Norman Harold Swinnerton came from a Military family and first shows up on the 1901 census where he was living in Aldershot. His father William Henry was an Infantry Sergeant in the Cheshire Regiment, aged 28 and born in Madeley, Staffordshire. His wife was Mary 24 born in Ireland. Their children were Norman Harold 2, born in Ireland, and 8 month old baby Ada Mary, born in Colchester.
By the 1911 census more siblings had been added and they were living at 6 Militia Barracks, Chester. Father, William Henry was then a Colour Sergeant. Norman was 12 years old. The new additions to the family were Margaret Louise 9, John Joseph 7 both born in Aldershot, Hants. Helen Ann 4 had been born in Wellington, Madras, William Henry 3 and Ina Kathleen 1, had been born in Chester. The census form records that 9 children had been born, 2 of whom had died.
UK soldiers who died in the Great War 1914 -19, accessible on www.ancestry.co.uk confirms the regimental information above and adds that he enlisted in Shotton. It is this source that tells us he ‘Died of wounds’. (This source unlike most others said that Norman had been born in Connah’s Quay. Probably an error by the transcriber).
Norman Swinnerton in the UK, Army Registers of Soldiers’ Effects, 1901-1929 tells us that the sole Legatee was father William who was paid £9. 4s 4d on the 7th October 1918 and his War Gratuity of £3 on the 11th December 1919
There is an index card for Norman Swinnerton in the Flintshire Roll of Honour at the County Record office in Hawarden. (Connah’s Quay F64) The name on his card stated his initials as N.A. and not the N.H. that is on the Cenotaph. Card dated 24th September, no year and no signature.
Norman is named on the Memorial Plaque in St.Mark’s Church, Connah’s Quay.
On the Commonwealth War Graves Commission database it states that Norman was the son of William and Mary Swinnerton, of 24, Fron Rd., Connah’s Quay, Chester. Born at Limerick Castle, Ireland.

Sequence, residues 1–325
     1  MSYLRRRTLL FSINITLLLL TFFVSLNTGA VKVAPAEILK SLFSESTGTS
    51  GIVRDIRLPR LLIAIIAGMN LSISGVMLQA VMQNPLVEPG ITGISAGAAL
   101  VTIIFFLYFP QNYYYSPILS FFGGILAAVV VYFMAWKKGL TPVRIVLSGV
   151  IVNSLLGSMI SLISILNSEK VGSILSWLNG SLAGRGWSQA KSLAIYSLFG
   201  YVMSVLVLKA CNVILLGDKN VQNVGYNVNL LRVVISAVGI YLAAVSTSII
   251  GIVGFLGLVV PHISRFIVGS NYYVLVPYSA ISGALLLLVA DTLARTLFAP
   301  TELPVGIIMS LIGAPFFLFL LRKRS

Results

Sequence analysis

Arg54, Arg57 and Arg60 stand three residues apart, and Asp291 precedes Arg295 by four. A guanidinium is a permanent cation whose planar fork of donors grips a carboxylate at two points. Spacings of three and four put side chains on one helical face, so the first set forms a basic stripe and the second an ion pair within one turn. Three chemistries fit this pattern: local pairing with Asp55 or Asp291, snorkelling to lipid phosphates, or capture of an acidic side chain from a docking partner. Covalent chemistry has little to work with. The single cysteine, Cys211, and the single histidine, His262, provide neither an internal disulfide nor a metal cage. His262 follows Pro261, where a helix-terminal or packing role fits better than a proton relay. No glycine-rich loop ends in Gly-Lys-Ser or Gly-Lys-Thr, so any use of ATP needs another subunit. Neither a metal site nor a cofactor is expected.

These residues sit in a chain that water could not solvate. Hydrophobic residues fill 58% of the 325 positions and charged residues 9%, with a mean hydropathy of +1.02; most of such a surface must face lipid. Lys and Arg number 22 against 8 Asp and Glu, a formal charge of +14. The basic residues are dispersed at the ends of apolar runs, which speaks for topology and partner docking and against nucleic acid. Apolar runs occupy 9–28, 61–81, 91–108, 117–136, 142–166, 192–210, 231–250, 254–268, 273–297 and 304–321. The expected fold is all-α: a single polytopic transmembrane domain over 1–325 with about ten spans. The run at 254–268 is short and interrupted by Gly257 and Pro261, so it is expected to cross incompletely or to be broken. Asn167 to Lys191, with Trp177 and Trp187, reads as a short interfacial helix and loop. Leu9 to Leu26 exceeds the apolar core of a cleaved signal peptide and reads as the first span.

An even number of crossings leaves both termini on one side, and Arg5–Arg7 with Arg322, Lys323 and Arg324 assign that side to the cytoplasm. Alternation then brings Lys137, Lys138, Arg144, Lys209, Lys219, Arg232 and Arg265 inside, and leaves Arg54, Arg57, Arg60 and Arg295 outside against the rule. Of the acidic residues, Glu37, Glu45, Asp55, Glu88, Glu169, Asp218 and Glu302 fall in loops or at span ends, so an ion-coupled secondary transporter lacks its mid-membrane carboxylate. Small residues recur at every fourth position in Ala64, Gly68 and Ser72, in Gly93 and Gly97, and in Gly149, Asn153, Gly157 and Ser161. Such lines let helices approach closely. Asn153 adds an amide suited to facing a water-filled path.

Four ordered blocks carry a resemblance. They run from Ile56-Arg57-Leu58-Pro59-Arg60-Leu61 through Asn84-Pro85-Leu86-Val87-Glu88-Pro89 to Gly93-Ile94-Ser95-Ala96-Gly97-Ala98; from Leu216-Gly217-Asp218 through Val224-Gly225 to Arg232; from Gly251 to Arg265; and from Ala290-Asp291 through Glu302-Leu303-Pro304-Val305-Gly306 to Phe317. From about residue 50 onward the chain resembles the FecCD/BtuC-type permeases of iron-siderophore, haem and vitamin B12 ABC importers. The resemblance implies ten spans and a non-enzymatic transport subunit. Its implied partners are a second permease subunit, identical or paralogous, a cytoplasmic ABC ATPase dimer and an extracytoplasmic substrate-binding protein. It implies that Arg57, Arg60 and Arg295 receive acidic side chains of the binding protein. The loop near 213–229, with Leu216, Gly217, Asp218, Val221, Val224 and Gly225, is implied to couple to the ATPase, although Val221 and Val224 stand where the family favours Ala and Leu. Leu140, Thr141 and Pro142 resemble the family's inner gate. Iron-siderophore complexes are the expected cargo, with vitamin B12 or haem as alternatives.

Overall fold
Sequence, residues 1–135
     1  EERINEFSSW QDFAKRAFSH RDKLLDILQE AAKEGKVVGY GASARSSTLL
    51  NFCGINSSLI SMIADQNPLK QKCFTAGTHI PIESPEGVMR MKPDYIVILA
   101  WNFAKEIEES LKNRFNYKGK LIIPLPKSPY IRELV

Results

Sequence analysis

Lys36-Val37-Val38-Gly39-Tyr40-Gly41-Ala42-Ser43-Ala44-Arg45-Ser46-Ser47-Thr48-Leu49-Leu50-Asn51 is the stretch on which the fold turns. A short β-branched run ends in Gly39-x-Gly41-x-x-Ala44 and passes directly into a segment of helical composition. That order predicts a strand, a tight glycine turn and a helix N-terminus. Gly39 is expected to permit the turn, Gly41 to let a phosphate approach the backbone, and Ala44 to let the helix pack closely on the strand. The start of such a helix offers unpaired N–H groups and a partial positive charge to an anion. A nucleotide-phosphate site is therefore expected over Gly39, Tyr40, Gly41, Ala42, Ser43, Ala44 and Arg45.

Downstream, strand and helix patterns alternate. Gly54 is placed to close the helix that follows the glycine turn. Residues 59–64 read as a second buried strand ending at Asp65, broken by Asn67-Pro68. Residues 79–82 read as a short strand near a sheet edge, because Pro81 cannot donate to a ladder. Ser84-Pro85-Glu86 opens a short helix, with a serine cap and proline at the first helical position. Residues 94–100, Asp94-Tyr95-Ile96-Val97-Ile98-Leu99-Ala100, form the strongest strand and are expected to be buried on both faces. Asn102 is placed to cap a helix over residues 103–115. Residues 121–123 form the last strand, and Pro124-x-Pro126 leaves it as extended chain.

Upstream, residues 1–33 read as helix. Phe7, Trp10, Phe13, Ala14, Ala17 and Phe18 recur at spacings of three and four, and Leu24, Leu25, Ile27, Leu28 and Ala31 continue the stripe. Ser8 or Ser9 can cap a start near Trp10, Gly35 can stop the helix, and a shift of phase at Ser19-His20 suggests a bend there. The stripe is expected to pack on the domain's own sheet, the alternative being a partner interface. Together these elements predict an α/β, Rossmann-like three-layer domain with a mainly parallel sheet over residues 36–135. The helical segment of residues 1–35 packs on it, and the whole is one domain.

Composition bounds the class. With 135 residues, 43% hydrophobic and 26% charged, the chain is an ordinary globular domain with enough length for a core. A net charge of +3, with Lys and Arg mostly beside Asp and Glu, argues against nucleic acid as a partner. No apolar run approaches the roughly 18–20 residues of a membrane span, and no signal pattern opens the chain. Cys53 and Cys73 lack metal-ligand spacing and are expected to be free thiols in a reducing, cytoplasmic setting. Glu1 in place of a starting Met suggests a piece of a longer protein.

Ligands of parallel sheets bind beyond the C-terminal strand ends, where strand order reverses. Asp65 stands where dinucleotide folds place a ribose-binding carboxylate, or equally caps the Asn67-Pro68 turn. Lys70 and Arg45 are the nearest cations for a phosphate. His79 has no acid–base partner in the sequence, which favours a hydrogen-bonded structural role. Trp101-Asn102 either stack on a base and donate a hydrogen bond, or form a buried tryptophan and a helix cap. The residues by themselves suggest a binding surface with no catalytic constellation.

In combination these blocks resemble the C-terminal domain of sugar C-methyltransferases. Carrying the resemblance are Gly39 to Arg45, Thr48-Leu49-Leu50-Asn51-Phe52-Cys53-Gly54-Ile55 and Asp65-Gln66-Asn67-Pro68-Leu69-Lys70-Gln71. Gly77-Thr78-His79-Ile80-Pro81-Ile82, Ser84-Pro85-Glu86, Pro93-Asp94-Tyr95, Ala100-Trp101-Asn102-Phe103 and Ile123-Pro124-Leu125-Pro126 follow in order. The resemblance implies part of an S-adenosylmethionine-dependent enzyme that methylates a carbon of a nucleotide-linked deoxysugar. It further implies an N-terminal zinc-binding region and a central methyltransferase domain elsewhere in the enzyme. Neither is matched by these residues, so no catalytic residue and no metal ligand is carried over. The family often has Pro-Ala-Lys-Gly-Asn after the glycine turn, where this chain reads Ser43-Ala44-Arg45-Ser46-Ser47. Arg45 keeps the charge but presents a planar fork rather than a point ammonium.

I believe that Norman’s father William Henry Swinnerton had previously been in the Army for 21 years enlisting in 1890, discharge on the 11th November 1911 and had re-enlisted in Nov 1914 but then Discharged under Para 392 (XXVI) K.R. 27th April 1915 ((xxvi) at his own request after 21 (or more) years service (with a view to pension under the Pay Warrant)), after 149 days, so it seems that he did not go abroad to fight. William Henry, Norman’s father died of Bronchitis on the 16th April 1929 and is buried in Hawarden Churchyard, (see gravestone below). His death was registered by his son William Henry Swinnerton and his address was 24, Fron Road, Connah’s Quay which is the address that was on Norman’s Flintshire WW1 Index Card which is in Flintshire Record Office at Hawarden. I was worried that he had been missed off the War memorial, but it seems that with only 149 days in the Army he wouldn’t have had time to go abroad and receive war wounds or gassing with his war service and he died in 1929 with nothing on his death certificate to signify anything to do with the Army, in any case after the War Memorial had been built. Many thanks to the Flintshire Register Office for their help. If anyone wants my notes on William Henry or Norman, please contact the website.
Norman had a brother, James Ness Swinnerton who is remembered on the Hawarden Grammar School WW2 Roll of Honour, please click on the link to read his story.